Peter Sarsgaard fairs a little better as Hector Hammond, getting to chew some serious scenery but the uneven pacing, more of that shortly, means that his arc whips by at breakneck speed and is over before you know it.

The remainder of the cast is filled out with a decent and dependable cast, but they have very little screen time and provide little more than lip service to their comic book originators.

Only Reynolds head is real!

As for the plot, pacing and editing. It is a little hit and miss from the beginning. This is very much a by the book origin story and feels like a collection of scenes in desperate need of a plot, it bounces back and forth between earth and space and Parallax. For the sake of the plot Jordan learns to use his ring and powers with surprising ease and the training montage flies by in less than a couple of minutes as does Jordans’ doubt in his abilities before a final act turn around. As for the final act it is a little underwhelming, Parallax isn’t written as the massive threat he/it should be and follows the trend of evil clouds previously seen in Fantastic Four: Rise of the Silver Surfer (Story, 2007).

I think that happens to have been my biggest issue with the film watching it again, whilst it gloriously embraces the science fiction elements of the source material there is too much of the film that is CGI, from the Green Lantern costumes to 95% of the Lanterns. Almost every scene features some digital tinkering making The Phantom Menace (Lucas, 1999) look positively restrained in comparison. The CG just makes everything look weightless and this film was there at the beginning for global disasters lacking the gravitas they should have. 

I think the character could have greatly benefited from a sequel, especially with the mid-credit sequence that suggests Mark Strong’s Sinestro would be the villain. Looking at Box Office Mojo I’m not surprised the film didn’t get a sequel as it appears to have cost in the region of $200 million, and only just broke even with a worldwide gross of just under $220 million. Even with the studio desperately trying to tag the film to the latest 3D craze that only just seems to be dying on its arse, it doesn’t appear to have helped the box office in any way.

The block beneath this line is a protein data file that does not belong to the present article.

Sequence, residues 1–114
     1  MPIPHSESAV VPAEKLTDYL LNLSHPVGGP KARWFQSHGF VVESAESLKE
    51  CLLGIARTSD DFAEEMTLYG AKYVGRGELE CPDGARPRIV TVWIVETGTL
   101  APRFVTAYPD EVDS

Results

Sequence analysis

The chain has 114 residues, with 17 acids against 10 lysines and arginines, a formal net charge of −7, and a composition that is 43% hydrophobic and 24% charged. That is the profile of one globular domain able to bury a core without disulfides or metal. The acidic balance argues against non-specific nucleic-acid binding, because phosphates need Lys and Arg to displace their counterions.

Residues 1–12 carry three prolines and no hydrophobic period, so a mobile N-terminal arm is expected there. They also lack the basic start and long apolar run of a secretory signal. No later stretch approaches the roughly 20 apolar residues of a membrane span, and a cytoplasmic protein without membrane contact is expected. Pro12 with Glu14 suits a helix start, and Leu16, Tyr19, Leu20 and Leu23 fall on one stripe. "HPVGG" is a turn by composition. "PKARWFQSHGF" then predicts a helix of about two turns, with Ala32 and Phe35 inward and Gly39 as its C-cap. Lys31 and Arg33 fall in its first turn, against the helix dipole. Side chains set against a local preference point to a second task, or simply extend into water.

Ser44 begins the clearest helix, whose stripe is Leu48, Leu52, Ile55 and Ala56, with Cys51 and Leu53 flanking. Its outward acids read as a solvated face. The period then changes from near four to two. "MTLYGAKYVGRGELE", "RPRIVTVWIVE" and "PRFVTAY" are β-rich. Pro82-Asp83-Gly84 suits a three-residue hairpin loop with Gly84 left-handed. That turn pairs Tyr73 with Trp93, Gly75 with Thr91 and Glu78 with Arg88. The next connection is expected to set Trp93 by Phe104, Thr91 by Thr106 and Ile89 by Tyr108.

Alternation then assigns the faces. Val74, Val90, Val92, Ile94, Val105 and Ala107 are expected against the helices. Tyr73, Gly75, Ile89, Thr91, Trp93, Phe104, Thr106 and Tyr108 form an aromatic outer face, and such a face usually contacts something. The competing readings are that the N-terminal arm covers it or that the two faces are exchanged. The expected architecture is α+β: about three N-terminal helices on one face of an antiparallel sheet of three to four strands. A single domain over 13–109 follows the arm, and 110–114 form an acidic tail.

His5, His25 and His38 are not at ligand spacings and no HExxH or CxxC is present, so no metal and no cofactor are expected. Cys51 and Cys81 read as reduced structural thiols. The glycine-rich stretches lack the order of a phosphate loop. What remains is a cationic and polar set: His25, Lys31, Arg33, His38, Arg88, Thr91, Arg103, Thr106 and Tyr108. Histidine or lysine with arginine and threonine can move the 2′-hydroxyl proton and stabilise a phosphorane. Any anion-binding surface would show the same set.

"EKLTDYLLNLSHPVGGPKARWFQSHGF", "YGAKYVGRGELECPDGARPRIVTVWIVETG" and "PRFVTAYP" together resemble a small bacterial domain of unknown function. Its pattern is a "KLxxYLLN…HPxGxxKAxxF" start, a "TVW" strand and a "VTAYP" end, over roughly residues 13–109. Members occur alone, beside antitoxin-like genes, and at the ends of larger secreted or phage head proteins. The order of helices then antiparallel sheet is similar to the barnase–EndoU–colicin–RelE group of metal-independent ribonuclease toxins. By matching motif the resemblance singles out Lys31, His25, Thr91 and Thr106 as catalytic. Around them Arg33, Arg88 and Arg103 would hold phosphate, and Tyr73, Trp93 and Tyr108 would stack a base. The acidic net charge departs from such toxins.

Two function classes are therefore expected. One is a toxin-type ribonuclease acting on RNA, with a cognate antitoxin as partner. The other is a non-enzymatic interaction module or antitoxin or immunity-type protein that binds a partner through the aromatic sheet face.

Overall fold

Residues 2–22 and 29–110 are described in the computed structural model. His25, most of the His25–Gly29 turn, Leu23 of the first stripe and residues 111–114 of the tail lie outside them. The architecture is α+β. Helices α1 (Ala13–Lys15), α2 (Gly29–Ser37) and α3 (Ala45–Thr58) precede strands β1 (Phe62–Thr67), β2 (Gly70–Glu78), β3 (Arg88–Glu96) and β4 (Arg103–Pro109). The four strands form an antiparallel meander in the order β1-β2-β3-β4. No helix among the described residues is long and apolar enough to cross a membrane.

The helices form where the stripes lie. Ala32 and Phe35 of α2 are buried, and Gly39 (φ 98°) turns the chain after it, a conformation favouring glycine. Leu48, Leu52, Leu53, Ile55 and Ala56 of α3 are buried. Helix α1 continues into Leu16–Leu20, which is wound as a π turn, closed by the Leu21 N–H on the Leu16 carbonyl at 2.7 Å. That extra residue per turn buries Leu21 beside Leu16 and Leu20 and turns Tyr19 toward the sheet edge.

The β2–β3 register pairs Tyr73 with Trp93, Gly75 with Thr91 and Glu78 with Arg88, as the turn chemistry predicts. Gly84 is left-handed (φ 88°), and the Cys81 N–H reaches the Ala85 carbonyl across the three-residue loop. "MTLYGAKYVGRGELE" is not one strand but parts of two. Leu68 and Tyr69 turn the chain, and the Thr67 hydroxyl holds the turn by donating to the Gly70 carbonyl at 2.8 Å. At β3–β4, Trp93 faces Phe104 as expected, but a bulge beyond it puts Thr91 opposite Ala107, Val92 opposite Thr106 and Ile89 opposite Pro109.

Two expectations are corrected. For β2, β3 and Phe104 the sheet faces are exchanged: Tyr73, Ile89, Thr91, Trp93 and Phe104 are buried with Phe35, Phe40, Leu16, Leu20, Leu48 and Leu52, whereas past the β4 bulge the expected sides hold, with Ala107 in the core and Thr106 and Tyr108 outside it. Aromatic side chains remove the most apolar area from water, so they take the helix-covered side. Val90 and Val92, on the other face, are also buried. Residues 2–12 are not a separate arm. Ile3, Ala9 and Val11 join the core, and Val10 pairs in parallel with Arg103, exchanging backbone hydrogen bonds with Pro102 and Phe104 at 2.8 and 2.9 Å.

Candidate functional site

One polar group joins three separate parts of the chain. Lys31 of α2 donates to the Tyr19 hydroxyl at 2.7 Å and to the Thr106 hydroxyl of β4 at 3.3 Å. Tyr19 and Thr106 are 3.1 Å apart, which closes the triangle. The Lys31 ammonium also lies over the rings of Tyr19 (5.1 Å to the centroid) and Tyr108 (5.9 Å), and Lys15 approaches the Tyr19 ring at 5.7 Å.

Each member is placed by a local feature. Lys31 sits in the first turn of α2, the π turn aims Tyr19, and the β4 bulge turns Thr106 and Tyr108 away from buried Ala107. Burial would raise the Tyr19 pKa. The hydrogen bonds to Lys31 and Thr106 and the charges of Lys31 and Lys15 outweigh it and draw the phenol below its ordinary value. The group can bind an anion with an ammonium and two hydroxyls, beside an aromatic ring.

The Green Lantern looks to be getting another go at the box office in 2020 with Green Lantern Corps. so like Ang Lees Hulk (2003) this appears to be the forgotten step child that DC doesn’t talk about. Had there been a better more well rounded script who knows we may have had a sequel by now and have even been talking up an appearance in Justice League (Snyder, 2017). As it is we’ll simply continue to chalk this up to one of the many comic book misfires and at the time of writing this is the 837 most (un)popular film on IMDB.

DCEU: A Franchise In Crisis

DCEU: A Franchise In Crisis published on

How the hell is the DCEU in crisis after only three films?

Some seem to think that Zack Snyder is to blame, he has after all directed Man Of Steel and Batman Vs Superman and is the Executive Producer on Suicide Squad. Sadly he is also credited as ‘Story By’ on the upcoming Wonder Woman, a film that apparently is in crisis according to one ‘supposed’ former Warner Bros. employee. Along with numerous sites reporting upon the apparent behind the scenes issues at Warner Bros. here’s one and here’s anotherThere are also a number of reports that Suicide Squad had various competing edits that left fans with, personally the best DCEU so far, a mess of a film.